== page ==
That brought chuckles from them all.

"So, it works like this: Billy goes and knocks, wanting to score. As he's being let in, I run up shouting that 'I'm police!'. That should start a panic. This is where Ellis comes in. Ellis, you run in after me and start making people relax. Then Lou comes in and opens up the safe. Any questions?"

"How far can I go?" asked Ellis. He was holding a crowbar like it was an extension of his hand.

"We don't want anyone dead. Dead people attract police. Hurt drug dealers don't tend to call the Old Bill so feel free to knock 'em about a little." Reuben's words looked to cause a little disappointment. Ellis shrugged, he'd get to work out his stress later and he'd also be a hell of a lot richer.

*

They left the house and headed for the van. Reuben had the bag of cash. Billy kept looking at the bag and then down to his new running shoes. He wanted to grab the money and run, as was his plan.

And then it was too late. They were back in the van and heading towards the outskirts of town where they were going to dish out the shares.

Reuben applied the handbrake.

"Before we get down to business, I just want to say well done!" He was about to say more when Ellis swung his crowbar and caved in the side of Billy's head.

Ellis was bringing it back to take a swipe at Reuben when there was a loud bang. Lou had been carrying a piece. It was only a small thing, suitable for a woman's purse and would have been laughed at any other time. The small calibre bullet tore out Ellis's throat. He toppled over, the crowbar still in his grip.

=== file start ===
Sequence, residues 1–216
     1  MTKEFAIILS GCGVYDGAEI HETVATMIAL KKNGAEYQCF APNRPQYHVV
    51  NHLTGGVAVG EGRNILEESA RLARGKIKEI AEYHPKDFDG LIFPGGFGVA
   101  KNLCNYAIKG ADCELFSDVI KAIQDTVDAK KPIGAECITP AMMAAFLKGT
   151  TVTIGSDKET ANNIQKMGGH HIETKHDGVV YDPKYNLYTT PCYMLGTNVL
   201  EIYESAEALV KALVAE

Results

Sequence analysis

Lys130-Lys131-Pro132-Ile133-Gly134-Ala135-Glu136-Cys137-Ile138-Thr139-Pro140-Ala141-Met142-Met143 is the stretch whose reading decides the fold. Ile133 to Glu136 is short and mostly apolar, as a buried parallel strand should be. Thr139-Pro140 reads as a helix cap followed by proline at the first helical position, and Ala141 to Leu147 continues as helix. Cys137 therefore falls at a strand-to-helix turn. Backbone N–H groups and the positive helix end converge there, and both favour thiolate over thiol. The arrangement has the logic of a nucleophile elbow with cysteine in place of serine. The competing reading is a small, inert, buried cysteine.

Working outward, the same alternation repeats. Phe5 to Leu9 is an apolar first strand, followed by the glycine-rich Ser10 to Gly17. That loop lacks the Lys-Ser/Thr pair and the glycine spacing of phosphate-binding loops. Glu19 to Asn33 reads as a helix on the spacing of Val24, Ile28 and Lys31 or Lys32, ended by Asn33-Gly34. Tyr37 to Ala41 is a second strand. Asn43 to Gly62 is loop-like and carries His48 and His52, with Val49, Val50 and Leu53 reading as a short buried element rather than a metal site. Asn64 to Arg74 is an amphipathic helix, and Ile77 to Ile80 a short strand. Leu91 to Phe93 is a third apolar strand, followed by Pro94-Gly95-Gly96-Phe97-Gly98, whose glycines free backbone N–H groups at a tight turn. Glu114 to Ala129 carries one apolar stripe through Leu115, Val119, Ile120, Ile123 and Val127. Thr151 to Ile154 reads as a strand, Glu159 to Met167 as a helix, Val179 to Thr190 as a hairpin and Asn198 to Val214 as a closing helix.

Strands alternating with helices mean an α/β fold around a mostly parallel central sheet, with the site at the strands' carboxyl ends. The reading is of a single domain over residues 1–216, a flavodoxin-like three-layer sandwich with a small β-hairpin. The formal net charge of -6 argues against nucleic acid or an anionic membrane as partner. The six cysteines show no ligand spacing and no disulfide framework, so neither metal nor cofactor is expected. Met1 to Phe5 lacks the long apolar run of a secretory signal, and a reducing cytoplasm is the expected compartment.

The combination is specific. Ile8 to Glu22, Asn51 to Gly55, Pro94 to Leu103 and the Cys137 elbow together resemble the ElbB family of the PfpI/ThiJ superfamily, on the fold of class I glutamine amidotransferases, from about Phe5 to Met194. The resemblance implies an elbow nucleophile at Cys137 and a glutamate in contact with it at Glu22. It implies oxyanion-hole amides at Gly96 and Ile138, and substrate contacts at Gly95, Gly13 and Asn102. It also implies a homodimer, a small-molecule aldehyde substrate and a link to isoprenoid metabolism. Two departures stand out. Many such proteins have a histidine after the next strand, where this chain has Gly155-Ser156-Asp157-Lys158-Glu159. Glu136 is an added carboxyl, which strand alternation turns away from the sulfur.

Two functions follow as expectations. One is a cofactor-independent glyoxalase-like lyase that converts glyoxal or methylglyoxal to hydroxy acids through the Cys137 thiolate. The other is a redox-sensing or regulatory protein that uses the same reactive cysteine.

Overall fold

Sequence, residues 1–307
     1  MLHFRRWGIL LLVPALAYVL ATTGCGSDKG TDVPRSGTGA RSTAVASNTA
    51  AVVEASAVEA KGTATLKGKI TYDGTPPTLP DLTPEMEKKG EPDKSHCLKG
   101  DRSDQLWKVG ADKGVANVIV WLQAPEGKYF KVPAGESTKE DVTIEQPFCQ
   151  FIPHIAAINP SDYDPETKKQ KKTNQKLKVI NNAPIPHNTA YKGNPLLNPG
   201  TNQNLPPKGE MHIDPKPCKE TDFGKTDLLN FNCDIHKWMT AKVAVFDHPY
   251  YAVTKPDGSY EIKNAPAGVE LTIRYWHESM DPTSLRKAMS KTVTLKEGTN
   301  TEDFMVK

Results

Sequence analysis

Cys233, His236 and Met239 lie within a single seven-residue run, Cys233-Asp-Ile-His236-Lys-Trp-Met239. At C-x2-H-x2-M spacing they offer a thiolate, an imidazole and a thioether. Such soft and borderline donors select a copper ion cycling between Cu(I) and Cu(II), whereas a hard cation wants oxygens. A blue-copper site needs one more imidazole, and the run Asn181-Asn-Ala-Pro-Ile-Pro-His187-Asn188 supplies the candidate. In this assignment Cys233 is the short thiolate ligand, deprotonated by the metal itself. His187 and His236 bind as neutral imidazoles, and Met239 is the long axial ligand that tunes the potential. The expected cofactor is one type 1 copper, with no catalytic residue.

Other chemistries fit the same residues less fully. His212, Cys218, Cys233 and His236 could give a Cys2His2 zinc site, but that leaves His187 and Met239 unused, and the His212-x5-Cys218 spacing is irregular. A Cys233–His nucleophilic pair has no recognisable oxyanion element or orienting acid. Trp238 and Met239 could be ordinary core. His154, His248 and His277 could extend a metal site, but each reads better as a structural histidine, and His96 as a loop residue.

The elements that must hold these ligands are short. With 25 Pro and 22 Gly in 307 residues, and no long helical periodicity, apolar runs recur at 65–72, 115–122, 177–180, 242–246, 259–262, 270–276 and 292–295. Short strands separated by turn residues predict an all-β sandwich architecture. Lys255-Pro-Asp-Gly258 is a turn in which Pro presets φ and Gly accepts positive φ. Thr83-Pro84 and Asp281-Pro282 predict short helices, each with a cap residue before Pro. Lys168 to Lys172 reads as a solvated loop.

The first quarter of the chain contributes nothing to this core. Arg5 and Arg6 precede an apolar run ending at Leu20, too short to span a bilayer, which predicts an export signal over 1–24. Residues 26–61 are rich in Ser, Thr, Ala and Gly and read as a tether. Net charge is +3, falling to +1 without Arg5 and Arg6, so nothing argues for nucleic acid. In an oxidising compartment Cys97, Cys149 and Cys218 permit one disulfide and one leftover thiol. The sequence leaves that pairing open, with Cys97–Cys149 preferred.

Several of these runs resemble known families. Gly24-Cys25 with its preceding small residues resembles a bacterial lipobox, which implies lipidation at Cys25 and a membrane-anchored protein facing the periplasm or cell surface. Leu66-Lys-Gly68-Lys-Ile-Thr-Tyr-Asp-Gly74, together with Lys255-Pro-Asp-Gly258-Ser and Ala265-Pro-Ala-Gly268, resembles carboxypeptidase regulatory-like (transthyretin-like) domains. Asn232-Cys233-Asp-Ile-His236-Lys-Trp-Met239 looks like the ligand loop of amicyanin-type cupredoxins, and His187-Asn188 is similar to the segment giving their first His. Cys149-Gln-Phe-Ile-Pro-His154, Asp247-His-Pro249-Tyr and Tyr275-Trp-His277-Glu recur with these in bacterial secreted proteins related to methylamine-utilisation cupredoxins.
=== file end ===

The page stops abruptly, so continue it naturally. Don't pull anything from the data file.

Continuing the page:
Reuben blew out air.

"Whoa, shit. Fuck-me!" was all he could say as he watched Lou put the gun away.

"Thanks," he finally managed. He took a few steadying breaths. This wasn't the way it was supposed to go down. He hadn't ever planned on sharing the loot with any of them but it most certainly wasn't supposed to be played out like this. He pulled out his own gun and aimed it at Lou.

"Lou, I know this looks like a right cunt's trick after what you've just done. So that's why I'm gonna just tell you to get the fuck outta the van and I'm gonna let you live."

It was the least he could do.

"You shitting me, Beaumont?" Lou's dentures were practically rattling in his mouth.

"Bad times and business is business. Need me to count to three?" Reuben figured Lou didn't need a countdown but asked anyway. Lou got out of the van with his tool bag and stood looking disgusted as the van took off.

Reuben opened up the bag as he drove, all those lovely notes, fifty grand shared one way. That would last him a good while into his retirement. When he got home, Carly was waiting for him.

"Well?" she asked, her bags already packed.

"I did it baby." He shook the bag.

"I wanna see." She was reaching out.

Reuben pulled the bag away from her a little and told her off. "You look with your eyes, not your hands." He opened the mouth of the bag wide.

The Queen was staring up at him. He stared back at her, grinning. The grin began to slip slowly, like the moment an echo upsets the snow. Then it picked up pace and his grin became an avalanche, slipping from his face. He stared at the queen. She stared back.

The problem, it seemed, was that the Queen had a moustache.

BIO: Lee Hughes lives and works on the Isle of Man with his wife and two fish. He is currently putting the finishing touches to his first novel. His short fiction is to appear in the upcoming Cern Zoo: Nemonymous 9 by Megazanthus Press. And regular spots on Thrillers Killers 'n' Chillers.

2 comments:

Col Bury said...

Hey, Lee. You're a rum bugger: a really well crafted story and build up to an end that left me momentarily stunned...and then I pissed myself - off to shower now.
Col

Paul Brazill said...

A cracking story.